Marauding lions have wreaked havoc in Mashumbi Pools where they have mauled to death five people, including a hunter, and and have also killed scores of livestock, NewsDay has learnt.
Zimbabwe Parks and Wildlife Authority spokesperson Caroline Washaya-Moyo confirmed that the felines had become a menace, saying the authority had this year received reports of four deaths.
Villagers said parks rangers from the area had developed cold feet in dealing with wild animals after a professional hunter was killed by the lions in January this year. The hunter had been engaged by the Mbire Rural District Council to kill the man-eaters.
A farmer from the area, Christopher Mashiri, said farmers had lost over 50 cattle and numerous goats to the lions this year alone.
“We are now living in fear because of these lions,” Mashiri said. “They started being a problem last year when they killed several people. A safari operator was then brought to the area and he shot dead five of them. There was relative peace after that.”
“But this year, a pride of 14 lions invaded the area and has been causing havoc. They are killing cattle and goats daily. They are actually going into the kraals to make their kill and this has resulted in farmers losing a lot of livestock. These are the lions that killed the council’s professional hunter.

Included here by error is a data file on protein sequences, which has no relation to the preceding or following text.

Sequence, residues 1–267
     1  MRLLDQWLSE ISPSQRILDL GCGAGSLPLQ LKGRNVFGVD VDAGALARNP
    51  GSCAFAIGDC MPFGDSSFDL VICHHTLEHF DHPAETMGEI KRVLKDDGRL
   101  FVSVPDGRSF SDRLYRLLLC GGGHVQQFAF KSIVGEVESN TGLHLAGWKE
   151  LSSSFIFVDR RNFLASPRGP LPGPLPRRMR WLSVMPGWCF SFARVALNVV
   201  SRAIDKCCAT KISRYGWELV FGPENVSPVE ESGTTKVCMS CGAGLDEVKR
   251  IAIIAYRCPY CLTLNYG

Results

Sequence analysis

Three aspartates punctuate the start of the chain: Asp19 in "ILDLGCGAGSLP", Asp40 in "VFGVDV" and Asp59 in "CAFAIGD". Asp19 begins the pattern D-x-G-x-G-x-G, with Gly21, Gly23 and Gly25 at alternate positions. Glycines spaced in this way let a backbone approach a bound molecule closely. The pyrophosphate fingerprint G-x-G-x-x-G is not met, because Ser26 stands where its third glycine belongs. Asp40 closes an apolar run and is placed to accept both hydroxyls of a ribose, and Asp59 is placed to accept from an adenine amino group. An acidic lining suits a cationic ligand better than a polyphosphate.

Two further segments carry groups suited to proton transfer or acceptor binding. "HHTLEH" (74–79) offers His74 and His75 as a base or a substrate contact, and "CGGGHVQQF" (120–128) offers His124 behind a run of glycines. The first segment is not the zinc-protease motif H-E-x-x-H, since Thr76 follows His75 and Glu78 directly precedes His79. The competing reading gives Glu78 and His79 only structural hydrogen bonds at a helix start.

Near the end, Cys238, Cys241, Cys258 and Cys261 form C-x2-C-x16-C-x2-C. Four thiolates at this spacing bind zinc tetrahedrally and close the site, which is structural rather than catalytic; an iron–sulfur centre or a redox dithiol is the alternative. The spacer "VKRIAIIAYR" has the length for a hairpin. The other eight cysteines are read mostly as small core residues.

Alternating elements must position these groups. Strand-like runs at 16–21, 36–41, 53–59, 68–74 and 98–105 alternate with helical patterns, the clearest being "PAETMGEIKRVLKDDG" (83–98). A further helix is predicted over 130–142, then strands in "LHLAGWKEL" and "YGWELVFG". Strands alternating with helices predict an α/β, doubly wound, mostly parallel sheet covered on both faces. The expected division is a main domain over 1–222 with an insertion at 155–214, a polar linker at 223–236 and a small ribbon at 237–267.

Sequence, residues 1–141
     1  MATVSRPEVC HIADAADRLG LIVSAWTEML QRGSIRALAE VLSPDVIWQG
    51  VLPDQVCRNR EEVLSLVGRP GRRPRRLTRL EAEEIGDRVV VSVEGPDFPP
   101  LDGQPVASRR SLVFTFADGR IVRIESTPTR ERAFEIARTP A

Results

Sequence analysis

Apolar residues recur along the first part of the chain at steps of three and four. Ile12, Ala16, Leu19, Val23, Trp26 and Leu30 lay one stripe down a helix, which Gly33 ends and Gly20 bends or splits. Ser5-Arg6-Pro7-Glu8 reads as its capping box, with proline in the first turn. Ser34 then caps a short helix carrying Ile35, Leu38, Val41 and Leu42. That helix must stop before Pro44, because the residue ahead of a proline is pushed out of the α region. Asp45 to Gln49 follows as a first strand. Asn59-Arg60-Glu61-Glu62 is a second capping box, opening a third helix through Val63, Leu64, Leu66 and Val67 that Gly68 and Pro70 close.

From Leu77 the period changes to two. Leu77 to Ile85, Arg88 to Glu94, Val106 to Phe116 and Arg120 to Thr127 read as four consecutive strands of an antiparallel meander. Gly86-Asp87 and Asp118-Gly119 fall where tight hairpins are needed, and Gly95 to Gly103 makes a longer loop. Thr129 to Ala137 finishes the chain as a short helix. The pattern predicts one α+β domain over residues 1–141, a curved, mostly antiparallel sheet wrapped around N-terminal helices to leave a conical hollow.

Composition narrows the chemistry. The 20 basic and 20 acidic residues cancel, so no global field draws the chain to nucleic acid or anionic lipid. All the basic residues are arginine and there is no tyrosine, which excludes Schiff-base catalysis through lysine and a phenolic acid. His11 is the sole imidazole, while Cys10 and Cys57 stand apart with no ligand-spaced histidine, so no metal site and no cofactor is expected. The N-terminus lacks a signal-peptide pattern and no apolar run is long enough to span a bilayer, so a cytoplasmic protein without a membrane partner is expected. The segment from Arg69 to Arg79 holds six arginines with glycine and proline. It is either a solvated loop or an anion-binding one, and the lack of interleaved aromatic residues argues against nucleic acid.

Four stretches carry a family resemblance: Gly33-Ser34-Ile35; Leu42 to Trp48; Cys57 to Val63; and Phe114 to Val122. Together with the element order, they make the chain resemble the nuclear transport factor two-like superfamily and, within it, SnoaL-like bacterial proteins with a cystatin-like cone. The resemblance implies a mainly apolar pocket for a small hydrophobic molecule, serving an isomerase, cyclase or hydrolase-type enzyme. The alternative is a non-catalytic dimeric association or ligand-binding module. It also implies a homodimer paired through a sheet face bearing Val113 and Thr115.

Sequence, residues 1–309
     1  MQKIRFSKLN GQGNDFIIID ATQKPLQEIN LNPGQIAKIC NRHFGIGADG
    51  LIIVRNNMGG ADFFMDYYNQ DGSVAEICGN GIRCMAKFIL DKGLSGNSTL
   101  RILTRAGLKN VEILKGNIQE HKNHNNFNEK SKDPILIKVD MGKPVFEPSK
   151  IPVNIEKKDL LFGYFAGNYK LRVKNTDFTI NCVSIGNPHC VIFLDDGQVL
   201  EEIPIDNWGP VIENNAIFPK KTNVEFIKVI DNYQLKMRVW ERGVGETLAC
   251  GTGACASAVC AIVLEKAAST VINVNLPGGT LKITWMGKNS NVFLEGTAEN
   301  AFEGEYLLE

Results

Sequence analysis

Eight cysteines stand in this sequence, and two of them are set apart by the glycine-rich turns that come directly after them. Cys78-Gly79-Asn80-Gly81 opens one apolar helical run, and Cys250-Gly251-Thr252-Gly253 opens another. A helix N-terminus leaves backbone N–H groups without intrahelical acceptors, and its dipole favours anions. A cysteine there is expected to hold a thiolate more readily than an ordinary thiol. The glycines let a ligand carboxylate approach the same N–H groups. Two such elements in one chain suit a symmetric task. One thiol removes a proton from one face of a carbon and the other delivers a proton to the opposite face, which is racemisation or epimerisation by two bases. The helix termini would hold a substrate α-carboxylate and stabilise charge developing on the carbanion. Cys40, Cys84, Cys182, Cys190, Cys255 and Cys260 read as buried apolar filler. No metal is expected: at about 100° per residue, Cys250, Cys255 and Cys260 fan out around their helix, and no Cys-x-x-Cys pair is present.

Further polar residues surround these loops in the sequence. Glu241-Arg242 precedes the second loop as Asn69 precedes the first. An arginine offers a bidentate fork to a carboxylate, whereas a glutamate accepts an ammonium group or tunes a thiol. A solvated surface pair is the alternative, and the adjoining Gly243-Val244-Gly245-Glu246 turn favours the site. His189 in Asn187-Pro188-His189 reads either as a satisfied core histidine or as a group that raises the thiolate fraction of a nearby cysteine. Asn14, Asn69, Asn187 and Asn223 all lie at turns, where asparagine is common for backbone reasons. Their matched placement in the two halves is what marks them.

“Five people have been killed by these lions this year so far.
“Ever since the hunter was killed, no one has dared hunt down the lions and they are roaming the area freely,” he said.
They are terrorising Shange, Kanyemba, Keep, Chitsungo and Angwa, among other areas along the Dande Valley.
Washaya-Moyo, however, said the authority was reacting to reports and had killed 11 lions after receiving reports — through the Problem Animal Control Unit — that the lions had killed domesticated animals.
She said the rampaging lions were either old or had deformities, which made it difficult for them to hunt wild animals and were therefore opting for humans and domestic animals.
“In January this year four people were killed. In cases where human life is threatened, the authority identifies the animal(s) by setting bait . .
“.As we speak, there is a team on standby at Mushumbi waiting to react to situations of human-wildlife conflict. Over and above this, parks is in the process of setting up a speedy response mechanism in the communities as well as urging them to stay indoors, especially at night,” she said.
“Investigations into the lions that were killed reveal that they either had dental problems, had aged or were partially blind, causing them difficulties in hunting normal prey.
“It has further been proven scientifically that when lions’ prey base shrinks and when there is lack of habitats they change their hunting behaviour.
“It is also suspected that the lions causing havoc in Mushumbi are from neighboring countries.”